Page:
Local Breads: Sourdough and Whole-Grain Recipes from Europe's Best Artisan Bakers by Daniel Leader. Hardcover book published by W. W. Norton & Company 2007, 355 pages with some black and white illustrations and colour photographs.
“Is this how they make them in France?” As Dan Leader watched Rolf, one of the bakers at Tobias Maurer’s Stuttgart bakery, shape French loaves, Dan thought that he had misheard Rolf’s question. Stuttgart is a six- hour train ride from Paris, and it was incomprehensible to Dan that this master baker, who spent his life making different kinds of German rye breads, wouldn’t be aware of French baguettes. All over Europe, the bakers Dan visited in his search for unique artisan breads were, like Rolf, devoted to baking locally. It is this commitment to place and tradition that accounts for their greatness. Although globalization has made its way across Europe, Dan managed to discover local bakers in great numbers making breads handed down from their grandfathers and great-grandfathers, improving on the old recipes and adapting them to new technology, but always with an eye to keeping tradition alive. In Local Breads: Sourdough and Whole-Grain Recipes from Europe ‘s Best Artisan Bakers, Dan provides us with both colorful stories of the people he found — local artisans making local breads — and their treasured recipes, which he has translated for American home bakers.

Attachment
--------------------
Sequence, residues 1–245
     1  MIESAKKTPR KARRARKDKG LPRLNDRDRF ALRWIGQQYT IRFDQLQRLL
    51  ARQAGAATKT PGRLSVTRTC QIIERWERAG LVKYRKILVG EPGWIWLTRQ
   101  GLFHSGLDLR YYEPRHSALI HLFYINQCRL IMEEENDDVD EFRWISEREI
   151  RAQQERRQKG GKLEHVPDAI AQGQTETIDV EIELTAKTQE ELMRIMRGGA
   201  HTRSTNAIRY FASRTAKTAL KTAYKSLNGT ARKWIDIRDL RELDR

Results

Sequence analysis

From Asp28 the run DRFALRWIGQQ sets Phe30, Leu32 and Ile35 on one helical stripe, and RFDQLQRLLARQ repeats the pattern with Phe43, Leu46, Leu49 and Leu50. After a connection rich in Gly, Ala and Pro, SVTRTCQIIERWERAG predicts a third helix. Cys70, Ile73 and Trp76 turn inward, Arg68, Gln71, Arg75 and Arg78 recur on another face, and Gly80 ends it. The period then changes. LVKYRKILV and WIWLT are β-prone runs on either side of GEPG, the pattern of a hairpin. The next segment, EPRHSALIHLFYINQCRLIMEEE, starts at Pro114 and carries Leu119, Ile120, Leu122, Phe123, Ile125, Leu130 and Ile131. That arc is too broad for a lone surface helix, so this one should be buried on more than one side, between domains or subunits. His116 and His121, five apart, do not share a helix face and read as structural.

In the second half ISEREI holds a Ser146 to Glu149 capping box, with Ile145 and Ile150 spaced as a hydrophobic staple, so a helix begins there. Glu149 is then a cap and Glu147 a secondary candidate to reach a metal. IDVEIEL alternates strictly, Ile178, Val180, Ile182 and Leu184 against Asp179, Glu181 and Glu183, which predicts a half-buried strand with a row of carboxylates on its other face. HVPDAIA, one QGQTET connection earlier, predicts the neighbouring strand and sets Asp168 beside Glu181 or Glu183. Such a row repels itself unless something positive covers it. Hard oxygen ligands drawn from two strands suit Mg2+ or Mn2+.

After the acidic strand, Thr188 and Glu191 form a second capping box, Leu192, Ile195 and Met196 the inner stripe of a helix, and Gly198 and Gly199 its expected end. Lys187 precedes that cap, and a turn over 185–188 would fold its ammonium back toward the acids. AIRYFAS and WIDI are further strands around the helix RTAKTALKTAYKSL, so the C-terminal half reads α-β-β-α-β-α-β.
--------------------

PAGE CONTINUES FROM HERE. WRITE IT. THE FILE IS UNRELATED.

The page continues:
I've eaten bread more than a few times in my life and it is something that I enjoy eating, particularly if it is tasty and is as far away from the taste of tasteless cardboard, as possible. Discovering new breads is a real joy. A few weeks back I was at a function here in Clunes, when someone I know wheeled out a basket full of home made Parker House rolls. If you're as up to date with breads of the world as i am, you are probably as perplexed as i was. What is a Parker House roll? (Click here and all will be revealed.) The reason i mention these rolls is that they were quite simply outstanding in both taste and texture and they were picture book is appearance (they looked great).
Parker House rolls are not European and therefore are sadly not in this book. European bread is what this book considers in all its doughy glory. I've travelled through Europe a few times and i have to say that i don't particularly remember the breads i ate. I do remember the beers and various other bits and pieces, but bread is not something that i came back to Australia wanting to share anecdotes with others about. I wonder if that's me or was it the bread. I think we have some amazing breads from all over the world here in Australia so there is the possiblity that my taste buds were tasting what i've already known and loved for many years. This sounds a bit arrogant but seriously if you go out of your way, don't shop at a supermarket and avoid mass produced tasteless white bread, the bread here is pretty damn good. Which leads me to another theory about why i don't remember much about European bread and that has to do with knowing where to go to get the good stuff and avoiding the bad stuff. Travelling through Europe, i wasn't focussed on bread and clearly, according to this book, i have missed out. I should have been exploring the bakeries and tasting their wares...which is exactly what the author of this book did. This is something to look forward too the next time i venture forth.
Regardless of why or how i missed out on the breads of europe, this is a book filled with many varied and detailed recipes from “Europe's Best Artisan Bakers”. Maybe this is how i can taste the breads of Europe... bake them myself.